Ricardo Menéndez Salmón, winner of the Biblioteca Breve Prize, is back with a harsh but beautiful settling of accounts with his father.
What do a 1300-year-old Chinese painting, the poetry of Dylan Thomas, the ethnographic research of Lévi-Strauss, a famous quote from Kafka’s diaries, and a scene from Louis Malle’s masterpiece, The Fire Within, have in common? The answer is in a room where a man is in his death throes while his son, the author Ricardo Menéndez Salmón, looks for a revelation that might not exist in the last landscape his father laid eyes on.
Do Not Go Gentle Into That Good Night is an effort to describe the author’s feelings for his father and his loss. Menéndez Salmón pays an homage to his father and analyses the father figure, and, through the reconstruction of his life, he shows the reader the path that has lead him towards maturity.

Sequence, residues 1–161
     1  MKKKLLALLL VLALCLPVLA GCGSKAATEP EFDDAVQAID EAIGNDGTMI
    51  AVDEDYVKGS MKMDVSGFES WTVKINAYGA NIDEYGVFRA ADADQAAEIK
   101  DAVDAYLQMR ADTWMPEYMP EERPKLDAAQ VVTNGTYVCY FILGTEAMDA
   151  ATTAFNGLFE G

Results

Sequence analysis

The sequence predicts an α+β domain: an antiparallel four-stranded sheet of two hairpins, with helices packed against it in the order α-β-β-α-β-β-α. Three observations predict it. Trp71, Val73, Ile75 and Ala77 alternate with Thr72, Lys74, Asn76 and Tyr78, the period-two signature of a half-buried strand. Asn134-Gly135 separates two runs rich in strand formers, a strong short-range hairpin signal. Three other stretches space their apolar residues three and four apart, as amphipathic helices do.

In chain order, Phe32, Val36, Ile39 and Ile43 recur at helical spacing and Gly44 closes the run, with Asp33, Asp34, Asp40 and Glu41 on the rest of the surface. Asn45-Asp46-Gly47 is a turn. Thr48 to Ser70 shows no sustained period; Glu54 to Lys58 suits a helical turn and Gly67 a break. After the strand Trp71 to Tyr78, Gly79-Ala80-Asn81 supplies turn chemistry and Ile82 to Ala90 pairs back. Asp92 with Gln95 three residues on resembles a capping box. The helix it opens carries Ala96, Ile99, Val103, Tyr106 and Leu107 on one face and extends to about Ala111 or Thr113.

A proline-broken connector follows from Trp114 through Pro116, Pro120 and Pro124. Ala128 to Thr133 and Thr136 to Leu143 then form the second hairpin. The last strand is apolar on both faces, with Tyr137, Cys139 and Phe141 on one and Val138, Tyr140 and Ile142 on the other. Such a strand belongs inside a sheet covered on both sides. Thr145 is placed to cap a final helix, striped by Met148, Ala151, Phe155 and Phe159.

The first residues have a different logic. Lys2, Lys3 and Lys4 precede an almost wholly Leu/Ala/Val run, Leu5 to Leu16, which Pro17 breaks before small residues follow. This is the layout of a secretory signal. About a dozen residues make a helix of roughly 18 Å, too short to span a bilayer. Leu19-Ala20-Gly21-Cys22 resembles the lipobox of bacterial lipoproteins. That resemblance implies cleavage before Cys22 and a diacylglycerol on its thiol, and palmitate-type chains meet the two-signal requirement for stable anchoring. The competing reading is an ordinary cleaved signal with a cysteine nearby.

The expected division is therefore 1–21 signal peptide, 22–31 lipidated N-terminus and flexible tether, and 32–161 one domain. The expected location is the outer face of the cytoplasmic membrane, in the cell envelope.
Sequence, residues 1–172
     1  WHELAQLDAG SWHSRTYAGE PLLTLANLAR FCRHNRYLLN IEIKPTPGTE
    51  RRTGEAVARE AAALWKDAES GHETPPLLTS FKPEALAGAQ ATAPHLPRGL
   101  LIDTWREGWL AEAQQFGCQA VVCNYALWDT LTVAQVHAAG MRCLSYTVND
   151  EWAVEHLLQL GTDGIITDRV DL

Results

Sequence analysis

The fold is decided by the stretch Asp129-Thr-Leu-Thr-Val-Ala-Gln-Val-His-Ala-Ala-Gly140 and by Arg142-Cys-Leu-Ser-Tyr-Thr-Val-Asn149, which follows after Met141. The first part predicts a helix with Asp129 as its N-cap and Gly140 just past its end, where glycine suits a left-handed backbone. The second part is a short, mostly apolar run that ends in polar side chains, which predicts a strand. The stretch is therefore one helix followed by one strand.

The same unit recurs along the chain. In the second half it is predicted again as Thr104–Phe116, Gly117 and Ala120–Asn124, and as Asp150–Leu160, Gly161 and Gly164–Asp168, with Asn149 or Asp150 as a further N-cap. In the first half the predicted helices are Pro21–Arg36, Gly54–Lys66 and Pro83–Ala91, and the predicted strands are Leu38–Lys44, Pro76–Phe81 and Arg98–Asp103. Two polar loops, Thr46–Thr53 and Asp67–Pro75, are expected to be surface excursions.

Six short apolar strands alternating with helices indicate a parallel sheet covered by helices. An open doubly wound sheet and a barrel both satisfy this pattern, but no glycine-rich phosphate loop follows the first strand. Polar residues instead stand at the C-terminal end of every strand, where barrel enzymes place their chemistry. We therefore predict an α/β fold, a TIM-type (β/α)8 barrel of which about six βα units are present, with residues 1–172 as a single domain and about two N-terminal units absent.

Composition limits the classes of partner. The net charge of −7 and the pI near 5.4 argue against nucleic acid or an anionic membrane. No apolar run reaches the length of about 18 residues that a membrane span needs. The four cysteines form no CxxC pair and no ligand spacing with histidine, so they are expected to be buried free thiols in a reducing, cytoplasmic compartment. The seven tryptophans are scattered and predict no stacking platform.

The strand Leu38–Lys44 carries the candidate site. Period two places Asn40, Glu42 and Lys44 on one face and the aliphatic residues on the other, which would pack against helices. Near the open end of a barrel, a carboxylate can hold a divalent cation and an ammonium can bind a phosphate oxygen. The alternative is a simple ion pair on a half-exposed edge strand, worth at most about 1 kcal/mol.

Like Philip Roth in Patrimony, Amos Oz in A Story of Love and Darkness, or Peter Handke in Worst Misfortune, Ricardo Menéndez Salmón dives into the waters of his family history to explain himself through his father’s lights and shadows. The result is a text full of contained emotion and ardent honesty that speaks of heroism and misery, goodness and disdain, joy and disease.
Setting his sights on his father, Ricardo Menéndez Salmón brings a whole new meaning to the themes already present in his work: evil, childhood, guilt, death.